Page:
In this way, the attacker can make the victim perform actions that they didn't intend to, such as logout, purchase item, change account information, retrieve account information, or any other function provided by the vulnerable website.
Sometimes, it is possible to store the CSRF attack on the vulnerable site itself. Such vulnerabilities are called Stored CSRF flaws. This can be accomplished by simply storing an IMG or IFRAME tag in a field that accepts HTML, or by a more complex cross-site scripting attack. If the attack can store a CSRF attack in the site, the severity of the attack is amplified. In particular, the likelihood is increased because the victim is more likely to view the page containing the attack than some random page on the Internet. The likelihood is also increased because the victim is sure to be authenticated to the site already.
Synonyms: CSRF attacks are also known by a number of other names, including XSRF, "Sea Surf", Session Riding, Cross-Site Reference Forgery, Hostile Linking. Microsoft refers to this type of attack as a One-Click attack in their threat modeling process and many places in their online documentation.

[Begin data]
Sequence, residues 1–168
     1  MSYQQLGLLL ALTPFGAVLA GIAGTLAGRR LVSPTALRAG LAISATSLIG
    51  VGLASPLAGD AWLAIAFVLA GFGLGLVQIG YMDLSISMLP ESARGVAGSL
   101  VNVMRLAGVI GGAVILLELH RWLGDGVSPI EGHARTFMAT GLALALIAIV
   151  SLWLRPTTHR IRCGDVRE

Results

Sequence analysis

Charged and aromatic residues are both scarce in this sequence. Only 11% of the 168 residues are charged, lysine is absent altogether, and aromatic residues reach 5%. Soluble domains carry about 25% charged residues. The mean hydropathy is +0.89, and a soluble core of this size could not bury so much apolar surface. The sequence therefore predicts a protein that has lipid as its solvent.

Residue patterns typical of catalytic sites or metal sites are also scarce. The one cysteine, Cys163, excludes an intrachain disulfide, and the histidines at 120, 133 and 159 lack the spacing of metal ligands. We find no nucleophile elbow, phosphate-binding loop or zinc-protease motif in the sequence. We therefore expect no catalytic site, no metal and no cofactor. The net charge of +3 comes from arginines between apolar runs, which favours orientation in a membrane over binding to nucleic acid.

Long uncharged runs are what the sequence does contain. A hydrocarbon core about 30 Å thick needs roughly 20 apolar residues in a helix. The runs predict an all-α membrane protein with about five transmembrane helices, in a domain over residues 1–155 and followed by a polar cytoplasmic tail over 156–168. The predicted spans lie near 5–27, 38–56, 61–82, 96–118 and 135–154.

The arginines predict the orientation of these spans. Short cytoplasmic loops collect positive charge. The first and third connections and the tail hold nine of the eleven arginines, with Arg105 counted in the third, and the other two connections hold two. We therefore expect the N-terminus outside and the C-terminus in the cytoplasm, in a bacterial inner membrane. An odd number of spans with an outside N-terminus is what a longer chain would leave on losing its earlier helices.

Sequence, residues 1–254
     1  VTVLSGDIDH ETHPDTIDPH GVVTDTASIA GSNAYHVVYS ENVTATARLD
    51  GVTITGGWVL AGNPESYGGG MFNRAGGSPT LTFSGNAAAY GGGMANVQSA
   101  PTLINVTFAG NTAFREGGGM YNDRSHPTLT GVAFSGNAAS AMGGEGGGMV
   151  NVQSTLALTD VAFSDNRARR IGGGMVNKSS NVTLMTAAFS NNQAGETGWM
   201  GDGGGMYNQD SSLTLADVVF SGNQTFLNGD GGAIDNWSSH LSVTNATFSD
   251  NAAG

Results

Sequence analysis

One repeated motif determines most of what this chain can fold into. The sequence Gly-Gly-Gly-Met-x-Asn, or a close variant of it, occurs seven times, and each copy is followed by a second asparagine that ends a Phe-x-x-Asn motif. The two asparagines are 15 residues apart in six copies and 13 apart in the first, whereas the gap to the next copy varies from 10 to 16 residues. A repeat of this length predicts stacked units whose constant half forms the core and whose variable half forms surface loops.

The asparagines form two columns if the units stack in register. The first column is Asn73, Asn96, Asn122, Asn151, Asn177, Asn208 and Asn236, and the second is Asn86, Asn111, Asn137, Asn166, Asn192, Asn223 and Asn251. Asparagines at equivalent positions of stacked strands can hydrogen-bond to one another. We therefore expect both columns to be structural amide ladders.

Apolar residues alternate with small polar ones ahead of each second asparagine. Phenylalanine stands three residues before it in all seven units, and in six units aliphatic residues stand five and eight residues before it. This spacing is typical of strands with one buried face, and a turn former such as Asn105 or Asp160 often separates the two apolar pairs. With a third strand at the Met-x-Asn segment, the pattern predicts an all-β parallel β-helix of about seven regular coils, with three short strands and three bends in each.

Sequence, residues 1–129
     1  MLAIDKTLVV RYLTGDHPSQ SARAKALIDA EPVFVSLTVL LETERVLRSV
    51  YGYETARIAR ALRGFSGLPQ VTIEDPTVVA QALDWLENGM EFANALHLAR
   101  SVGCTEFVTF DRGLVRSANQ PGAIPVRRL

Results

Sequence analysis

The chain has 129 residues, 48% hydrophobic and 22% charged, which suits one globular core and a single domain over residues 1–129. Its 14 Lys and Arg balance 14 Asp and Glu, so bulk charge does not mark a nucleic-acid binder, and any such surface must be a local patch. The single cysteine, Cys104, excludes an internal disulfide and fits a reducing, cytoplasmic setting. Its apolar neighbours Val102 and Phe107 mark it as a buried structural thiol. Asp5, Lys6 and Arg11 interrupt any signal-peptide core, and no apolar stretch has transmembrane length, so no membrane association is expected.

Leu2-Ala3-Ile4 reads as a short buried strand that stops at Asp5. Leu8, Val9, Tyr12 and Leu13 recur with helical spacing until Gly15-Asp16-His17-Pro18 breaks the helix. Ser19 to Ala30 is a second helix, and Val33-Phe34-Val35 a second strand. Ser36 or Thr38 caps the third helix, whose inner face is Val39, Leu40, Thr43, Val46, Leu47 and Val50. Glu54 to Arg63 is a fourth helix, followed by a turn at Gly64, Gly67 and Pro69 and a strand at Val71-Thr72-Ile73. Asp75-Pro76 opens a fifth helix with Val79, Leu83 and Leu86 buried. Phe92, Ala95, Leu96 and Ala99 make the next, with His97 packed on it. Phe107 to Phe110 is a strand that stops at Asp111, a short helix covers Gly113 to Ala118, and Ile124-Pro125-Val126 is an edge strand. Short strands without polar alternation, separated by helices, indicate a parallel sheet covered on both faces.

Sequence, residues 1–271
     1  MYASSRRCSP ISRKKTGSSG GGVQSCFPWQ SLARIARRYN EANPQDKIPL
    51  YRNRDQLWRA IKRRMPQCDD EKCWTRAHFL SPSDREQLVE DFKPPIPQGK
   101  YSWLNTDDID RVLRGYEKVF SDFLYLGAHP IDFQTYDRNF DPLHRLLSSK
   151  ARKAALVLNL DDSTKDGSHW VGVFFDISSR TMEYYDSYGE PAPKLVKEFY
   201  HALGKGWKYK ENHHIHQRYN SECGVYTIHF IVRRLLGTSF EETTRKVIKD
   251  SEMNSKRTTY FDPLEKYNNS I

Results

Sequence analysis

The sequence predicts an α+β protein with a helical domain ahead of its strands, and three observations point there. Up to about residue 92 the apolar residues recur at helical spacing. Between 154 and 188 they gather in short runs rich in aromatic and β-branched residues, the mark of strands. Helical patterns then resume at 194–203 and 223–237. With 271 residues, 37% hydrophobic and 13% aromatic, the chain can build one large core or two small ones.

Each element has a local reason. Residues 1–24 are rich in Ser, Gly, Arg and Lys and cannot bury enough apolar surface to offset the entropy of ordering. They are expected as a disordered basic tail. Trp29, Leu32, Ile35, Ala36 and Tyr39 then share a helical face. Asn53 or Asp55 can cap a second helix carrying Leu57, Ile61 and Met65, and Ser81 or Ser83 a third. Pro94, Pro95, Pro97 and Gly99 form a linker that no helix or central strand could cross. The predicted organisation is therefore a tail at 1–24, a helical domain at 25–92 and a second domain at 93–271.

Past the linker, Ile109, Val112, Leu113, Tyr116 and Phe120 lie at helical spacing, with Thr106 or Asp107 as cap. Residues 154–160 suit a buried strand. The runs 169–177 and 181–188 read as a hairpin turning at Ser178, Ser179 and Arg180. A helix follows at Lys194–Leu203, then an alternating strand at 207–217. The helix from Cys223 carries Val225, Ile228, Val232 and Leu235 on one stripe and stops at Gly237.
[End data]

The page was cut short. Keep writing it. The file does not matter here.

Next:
Recommendations:  

Web sites have various CSRF countermeasures available:

  • Requiring a secret, user-specific token in all form submissions and side-effect URLs prevents CSRF; the attacker's site cannot put the right token in its submissions
  • Requiring the client to provide authentication data in the same HTTP Request used to perform any operation with security implications (money transfer, etc.)
  • Limiting the lifetime of session cookies
  • Checking the HTTP Referer header
  • Ensuring that there is no clientaccesspolicy.xml file granting unintended access to Silverlight controls
  • Ensuring that there is no crossdomain.xml file granting unintended access to Flash movies

An easy and effective solution is to use a CSRF filter such as OWASP's CSRFGuard. The filter intercepts responses, detects if it is a html document and inserts a token in to the forms and optionally inserts script to insert tokens in ajax functions. The filter also intercepts requests to check that the token is present.


Collapse Custom Passive Check

some text
  Collapse Site: http://webscantest.com:80